John De Vere Loder
Sir Almroth Wright (1861 - 1947):
Almroth Edward Wright was a leading authority in the study of bacteriology, immunology and haematology. He was also an enthusiastic advocate of full-time specialist research, and saw the importance of adequate funding for large-scale research projects in medicine. He is not well-known for one of the major discoveries to emerge from one of his laboratories, that of penicillin by Fleming. However, had it not been for Wright there would have been no laboratory in the first place.
Wright was born in Middleton Tynas Rectory near Richmond, Yorkshire, where his father was an Anglican clergyman; his mother was Swedish, daughter of Nils Almroth, Professor of Chemistry at the Karolinska Instituet in Stockholm; his uncle Perceval Wright, was Professor of Botany at the University of Dublin. Wright's father spent some years in Dresden and Boulogne, before his appointment as rector of St Mary's Church, Crumlin Road, Belfast in 1874. Wright spent his teenage years in Belfast, where he attended the Royal Belfast Academical Institution, along with all four of his brothers, of whom two, as well as Wright himself would later be knighted.
At seventeen he entered the University of Dublin where he studied modern languages and literature simultaneously with medicine, graduating BA in 1882 and qualifying in medicine in 1883. He was awarded a scholarship to study at Leipzig, at that time an outstanding world medical centre. After a period in London and Cambridge, he was back in Germany, at Magdeburg and Straßburg (now Strasbourg, France). In 1892 he was appointed Professor of Pathology at the Army Medical School at Netley, where he developed an anti-typhoid vaccine which was to save large numbers of lives, especially military. In 1902 he moved to St Mary's Hospital, Paddington, as an immunologist and pathologist. Here, he would research into phagocytosis (the process the human body uses to destroy dead or foreign cells), investigating the possibilities of stimulating immunity to combat disease. He also campaigned for a central funding agency for medical research, and 1913, the Medical Research Committee was established (now the Medical Research Council).
During the First World War, he was based in Boulogne, where faced with innumerable war wounds his studies of them led him to conclude that what was vital (literally) in their treatment was their immediate cleaning and excising. After the war, he returned to St Mary's, where he attracted some highly talented young researchers, the most celebrated of whom was Alexander Fleming, who in 1929 discovered penicillin. This antibiotic's success tended to render obsolete Wright's work on stimulating the natural immune system, though by the early 21st century, though his vaccine approach was being explored again, especially in elation to cancer treatment. Fleming eventually replaced Wright as Director of what was by then the Institute of Pathology and Research at St Mary's in 1946.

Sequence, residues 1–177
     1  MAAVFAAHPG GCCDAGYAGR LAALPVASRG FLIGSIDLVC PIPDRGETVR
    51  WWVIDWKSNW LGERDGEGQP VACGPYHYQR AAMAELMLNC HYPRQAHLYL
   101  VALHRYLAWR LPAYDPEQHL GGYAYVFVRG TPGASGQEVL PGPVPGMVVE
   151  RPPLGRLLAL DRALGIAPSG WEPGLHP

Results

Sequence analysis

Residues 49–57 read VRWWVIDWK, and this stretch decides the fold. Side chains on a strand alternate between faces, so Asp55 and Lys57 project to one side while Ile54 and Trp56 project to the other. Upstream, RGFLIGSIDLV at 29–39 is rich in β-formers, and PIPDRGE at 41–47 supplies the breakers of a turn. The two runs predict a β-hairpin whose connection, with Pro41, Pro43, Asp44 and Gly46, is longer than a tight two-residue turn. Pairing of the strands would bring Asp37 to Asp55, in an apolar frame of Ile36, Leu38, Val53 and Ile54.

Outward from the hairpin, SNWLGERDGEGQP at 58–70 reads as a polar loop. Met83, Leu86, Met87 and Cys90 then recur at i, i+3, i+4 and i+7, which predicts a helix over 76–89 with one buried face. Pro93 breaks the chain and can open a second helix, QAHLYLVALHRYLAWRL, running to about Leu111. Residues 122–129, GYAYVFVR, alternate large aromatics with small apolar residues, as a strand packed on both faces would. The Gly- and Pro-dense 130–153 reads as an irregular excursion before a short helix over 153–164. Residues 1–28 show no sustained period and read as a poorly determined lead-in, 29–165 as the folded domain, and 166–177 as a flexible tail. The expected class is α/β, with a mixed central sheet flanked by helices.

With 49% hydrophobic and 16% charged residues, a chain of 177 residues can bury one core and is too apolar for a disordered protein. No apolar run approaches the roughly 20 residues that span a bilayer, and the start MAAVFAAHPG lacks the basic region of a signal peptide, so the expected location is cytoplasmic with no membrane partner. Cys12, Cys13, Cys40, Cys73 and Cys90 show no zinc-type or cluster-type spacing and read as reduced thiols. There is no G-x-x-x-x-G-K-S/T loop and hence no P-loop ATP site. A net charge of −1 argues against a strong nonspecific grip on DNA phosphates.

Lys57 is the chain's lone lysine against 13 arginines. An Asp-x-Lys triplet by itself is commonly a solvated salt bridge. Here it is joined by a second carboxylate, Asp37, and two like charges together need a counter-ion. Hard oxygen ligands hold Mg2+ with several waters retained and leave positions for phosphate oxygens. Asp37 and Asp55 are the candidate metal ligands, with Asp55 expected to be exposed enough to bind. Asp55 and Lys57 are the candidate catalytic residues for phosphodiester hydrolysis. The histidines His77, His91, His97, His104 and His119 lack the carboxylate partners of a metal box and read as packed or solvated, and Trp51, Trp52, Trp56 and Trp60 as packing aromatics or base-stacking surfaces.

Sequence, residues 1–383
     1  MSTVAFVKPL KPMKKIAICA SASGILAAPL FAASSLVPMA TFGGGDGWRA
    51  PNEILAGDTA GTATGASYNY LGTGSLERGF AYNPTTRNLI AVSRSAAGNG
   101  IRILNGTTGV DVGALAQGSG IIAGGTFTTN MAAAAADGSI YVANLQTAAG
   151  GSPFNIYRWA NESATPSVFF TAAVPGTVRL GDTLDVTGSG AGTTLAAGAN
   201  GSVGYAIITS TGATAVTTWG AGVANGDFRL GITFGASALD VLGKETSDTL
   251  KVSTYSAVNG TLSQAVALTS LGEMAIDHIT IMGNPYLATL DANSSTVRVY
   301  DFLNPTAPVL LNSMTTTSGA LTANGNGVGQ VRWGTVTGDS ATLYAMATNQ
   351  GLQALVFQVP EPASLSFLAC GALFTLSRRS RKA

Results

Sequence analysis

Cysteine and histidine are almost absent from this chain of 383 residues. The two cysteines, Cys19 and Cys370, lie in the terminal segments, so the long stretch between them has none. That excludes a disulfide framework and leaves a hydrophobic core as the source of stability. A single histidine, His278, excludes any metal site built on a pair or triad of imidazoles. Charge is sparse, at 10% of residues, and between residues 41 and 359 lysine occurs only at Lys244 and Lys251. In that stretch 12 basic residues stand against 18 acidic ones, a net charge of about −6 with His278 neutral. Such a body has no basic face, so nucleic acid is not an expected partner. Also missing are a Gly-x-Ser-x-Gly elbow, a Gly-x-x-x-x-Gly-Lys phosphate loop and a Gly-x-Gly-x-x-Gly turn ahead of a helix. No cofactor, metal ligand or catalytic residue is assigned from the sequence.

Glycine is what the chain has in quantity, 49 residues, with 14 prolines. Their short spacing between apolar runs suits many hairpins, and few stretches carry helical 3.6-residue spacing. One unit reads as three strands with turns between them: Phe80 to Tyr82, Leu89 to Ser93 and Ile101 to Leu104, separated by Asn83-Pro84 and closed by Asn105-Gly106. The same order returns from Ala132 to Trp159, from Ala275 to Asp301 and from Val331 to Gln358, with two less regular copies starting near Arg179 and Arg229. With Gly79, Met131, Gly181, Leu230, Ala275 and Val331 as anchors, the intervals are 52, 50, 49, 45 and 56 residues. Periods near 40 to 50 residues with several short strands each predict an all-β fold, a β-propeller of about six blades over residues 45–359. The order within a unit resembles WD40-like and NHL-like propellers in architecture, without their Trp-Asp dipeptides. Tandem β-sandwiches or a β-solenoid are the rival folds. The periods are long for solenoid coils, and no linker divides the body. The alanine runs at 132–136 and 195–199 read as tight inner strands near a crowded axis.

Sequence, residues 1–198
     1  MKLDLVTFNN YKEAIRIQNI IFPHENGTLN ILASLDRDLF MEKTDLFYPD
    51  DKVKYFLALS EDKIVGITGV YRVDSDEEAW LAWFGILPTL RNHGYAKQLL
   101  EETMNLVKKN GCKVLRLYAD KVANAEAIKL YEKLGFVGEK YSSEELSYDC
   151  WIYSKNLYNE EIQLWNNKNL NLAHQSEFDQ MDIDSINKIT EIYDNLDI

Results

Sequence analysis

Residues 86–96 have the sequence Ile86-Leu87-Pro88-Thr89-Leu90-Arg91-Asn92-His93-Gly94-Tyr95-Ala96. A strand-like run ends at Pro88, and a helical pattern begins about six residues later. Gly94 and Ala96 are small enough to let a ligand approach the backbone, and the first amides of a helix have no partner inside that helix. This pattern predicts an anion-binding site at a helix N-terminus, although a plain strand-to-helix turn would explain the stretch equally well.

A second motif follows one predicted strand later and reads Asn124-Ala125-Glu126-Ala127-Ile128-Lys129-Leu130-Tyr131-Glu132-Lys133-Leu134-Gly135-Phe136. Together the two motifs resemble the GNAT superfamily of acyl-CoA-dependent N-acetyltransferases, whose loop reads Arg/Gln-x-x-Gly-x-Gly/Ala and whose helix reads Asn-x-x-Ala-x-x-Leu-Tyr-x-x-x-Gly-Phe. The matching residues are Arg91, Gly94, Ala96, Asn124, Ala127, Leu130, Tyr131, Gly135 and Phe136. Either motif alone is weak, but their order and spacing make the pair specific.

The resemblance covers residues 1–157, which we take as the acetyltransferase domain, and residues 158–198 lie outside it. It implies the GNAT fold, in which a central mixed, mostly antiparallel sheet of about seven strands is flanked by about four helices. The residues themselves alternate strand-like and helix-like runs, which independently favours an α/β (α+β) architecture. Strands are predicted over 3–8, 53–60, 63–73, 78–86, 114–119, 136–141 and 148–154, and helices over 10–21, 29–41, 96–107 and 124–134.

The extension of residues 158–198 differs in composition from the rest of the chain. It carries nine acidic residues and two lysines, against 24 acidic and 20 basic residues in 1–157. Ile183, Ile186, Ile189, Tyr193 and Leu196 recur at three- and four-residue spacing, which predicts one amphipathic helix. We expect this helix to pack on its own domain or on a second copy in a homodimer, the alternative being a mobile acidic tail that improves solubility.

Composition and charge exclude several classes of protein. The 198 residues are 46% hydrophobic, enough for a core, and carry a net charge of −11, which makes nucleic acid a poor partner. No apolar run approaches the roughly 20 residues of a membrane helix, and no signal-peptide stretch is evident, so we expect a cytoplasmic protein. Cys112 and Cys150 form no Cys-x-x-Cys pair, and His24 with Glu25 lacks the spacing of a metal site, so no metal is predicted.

Wright's friendship with Irish playwright George Bernard Shaw led to his being characterised in Shaw's play The Doctor's Dilemma, the dilemma in question being a doctor's choice of having to pick whom to treat between an outstanding artist and an distinguished doctor. Wright is said to have disliked the play but he and Shaw remained friends. Wright retained his literary and linguistic interests throughout his life, even in his 80s learning Russian and even Inuit.
Wright has been described by a former Dean of Medicine at Queen's, Belfast, thus:
"Unquestionably Wright was one of the great medical/scientific intellects of his time, indeed of many times. As an immunologist and bacteriologist he stands with Pasteur and other Titans. He was knighted in 1906 the year he was elected a Fellow of the Royal Society who later struck a special medal for him since their coveted Gold Medal was considered inadequate. His work however led to one gigantic irony: Penicillin, discovered in his laboratory, opened up a new field in the treatment of infections thereby down-playing the potentials of active and passive immunisations which he, in the very same lab, had pioneered, and as a result for a long time their true potential remained neglected. Partly for this reason everyone knows of the conscientious Fleming; fewer know of the genius Wright."
Wright was made a Freeman of the City of Belfast in 1912 and received an honorary degree from Queen's University, Belfast, amongst many other honours. His funeral in London was conducted by Canon Lames Owen Hannay (the novelist George Birmingham), who was a boyhood friend from Belfast days.
Davis Coakley: Masters of Irish Medicine; Sir Peter Froggatt: “Inst and Medicine and Medicine at Inst” (public lecture, Belfast, 2010)
© 2013 Ulster History Circle